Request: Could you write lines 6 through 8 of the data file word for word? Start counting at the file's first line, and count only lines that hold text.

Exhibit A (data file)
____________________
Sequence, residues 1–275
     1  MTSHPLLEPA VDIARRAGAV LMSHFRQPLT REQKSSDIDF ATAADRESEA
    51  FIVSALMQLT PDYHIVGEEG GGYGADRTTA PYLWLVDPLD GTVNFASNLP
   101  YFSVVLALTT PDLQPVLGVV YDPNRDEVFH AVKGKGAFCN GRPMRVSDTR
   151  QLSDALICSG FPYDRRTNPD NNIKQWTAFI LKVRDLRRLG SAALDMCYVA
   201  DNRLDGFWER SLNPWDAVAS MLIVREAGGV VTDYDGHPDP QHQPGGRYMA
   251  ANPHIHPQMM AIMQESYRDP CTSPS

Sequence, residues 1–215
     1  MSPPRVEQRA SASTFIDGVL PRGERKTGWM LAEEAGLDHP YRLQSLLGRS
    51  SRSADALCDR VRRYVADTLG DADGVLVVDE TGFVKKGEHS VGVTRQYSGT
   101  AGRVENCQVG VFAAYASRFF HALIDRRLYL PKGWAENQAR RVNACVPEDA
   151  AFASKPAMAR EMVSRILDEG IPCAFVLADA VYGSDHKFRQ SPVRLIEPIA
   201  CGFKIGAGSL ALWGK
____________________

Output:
   201  DNRLDGFWER SLNPWDAVAS MLIVREAGGV VTDYDGHPDP QHQPGGRYMA
   251  ANPHIHPQMM AIMQESYRDP CTSPS

Sequence, residues 1–215